On a motion for reconsideration, however, the District Court reversed fields and determined that the attorney-client privilege had been waived as to the ten e-mails. Pritchard v. County of Erie, No. 04-CV-00534C, 2007 WL 3232096 (W.D.N.Y. Oct.31, 2007). In granting the motion, the court found “that the defendants [had] waived the attorney-client privilege with respect to the disputed e-mails by placing the information in those communications at issue in the litigation.” Id. at *5. Characterizing this forfeiture of the privilege as an “at issue,” or “implied,” waiver, the District Court noted our pronouncement that “[i]t is well established doctrine that in certain circumstances a party's assertion of factual claims can, out of considerations of fairness to the party's adversary, result in the involuntary forfeiture of privileges for matters pertinent to the claims asserted.” Id. at *2 (citing John Doe Co. v. United States, 350 F.3d 299, 302 (2d Cir.2003)).
In arriving at its conclusion, the District Court relied on the test first put forth in Hearn v. Rhay, 68 F.R.D. 574 (E.D.Wash.1975). Hearn required a positive response to three separate inquiries:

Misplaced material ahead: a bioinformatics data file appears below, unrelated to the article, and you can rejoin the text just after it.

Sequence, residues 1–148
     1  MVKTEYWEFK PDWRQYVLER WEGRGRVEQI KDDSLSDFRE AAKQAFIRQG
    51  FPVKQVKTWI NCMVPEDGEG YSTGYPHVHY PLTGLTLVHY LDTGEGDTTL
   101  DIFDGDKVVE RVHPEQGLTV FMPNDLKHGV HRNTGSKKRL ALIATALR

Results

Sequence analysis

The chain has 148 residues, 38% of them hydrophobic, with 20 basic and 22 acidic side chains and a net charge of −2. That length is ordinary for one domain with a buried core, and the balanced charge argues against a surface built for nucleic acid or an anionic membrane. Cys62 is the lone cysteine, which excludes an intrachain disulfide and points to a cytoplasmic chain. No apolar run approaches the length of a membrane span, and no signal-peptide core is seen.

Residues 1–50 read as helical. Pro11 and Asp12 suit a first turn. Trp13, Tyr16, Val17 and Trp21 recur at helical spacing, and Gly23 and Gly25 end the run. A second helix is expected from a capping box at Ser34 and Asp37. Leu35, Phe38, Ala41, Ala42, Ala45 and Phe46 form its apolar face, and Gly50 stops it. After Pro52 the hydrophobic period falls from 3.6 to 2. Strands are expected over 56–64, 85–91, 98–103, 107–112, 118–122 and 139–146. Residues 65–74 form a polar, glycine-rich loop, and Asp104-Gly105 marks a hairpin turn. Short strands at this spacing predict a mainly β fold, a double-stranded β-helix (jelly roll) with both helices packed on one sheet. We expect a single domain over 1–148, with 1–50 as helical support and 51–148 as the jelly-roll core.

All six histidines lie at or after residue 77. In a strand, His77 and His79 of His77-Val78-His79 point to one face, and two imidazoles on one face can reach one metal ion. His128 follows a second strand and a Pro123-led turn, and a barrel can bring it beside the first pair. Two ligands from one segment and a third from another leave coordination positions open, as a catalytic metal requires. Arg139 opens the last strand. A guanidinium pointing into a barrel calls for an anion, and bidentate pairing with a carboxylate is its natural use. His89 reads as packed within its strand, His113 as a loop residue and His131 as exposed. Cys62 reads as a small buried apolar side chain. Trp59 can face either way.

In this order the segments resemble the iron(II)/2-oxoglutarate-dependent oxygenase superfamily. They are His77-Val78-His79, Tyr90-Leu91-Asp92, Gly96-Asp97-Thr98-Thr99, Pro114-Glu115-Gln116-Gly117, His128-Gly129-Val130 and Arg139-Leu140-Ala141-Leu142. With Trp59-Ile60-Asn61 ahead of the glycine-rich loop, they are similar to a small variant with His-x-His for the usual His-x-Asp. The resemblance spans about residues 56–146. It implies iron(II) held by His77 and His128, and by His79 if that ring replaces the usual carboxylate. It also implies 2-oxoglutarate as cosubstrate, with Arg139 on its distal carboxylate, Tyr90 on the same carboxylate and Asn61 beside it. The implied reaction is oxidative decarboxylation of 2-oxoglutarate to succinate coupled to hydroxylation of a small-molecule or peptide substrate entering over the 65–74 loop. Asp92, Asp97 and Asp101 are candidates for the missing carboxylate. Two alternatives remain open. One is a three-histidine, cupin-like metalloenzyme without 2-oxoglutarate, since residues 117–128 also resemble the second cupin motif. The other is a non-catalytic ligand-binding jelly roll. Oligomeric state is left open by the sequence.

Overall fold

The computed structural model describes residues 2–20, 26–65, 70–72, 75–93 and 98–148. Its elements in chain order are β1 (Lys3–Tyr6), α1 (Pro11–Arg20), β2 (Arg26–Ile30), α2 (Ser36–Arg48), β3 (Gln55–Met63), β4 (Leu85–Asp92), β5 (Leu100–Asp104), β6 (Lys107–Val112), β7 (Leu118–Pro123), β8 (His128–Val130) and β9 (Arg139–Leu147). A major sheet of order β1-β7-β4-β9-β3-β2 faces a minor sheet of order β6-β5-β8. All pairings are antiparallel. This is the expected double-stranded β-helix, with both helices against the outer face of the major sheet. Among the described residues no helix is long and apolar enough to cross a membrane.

whether: (1) the assertion of the privilege was a result of some affirmative act, such as filing suit or pleading in response to a claim; (2) through the affirmative act, the asserting party has put the protected information at issue by making it relevant to the case; and (3) the application of the privilege would have denied the opposing party access to information vital to the defense.
Pritchard, 2007 WL 3232096, at *2 (citing Hearn, 68 F.R.D. at 581).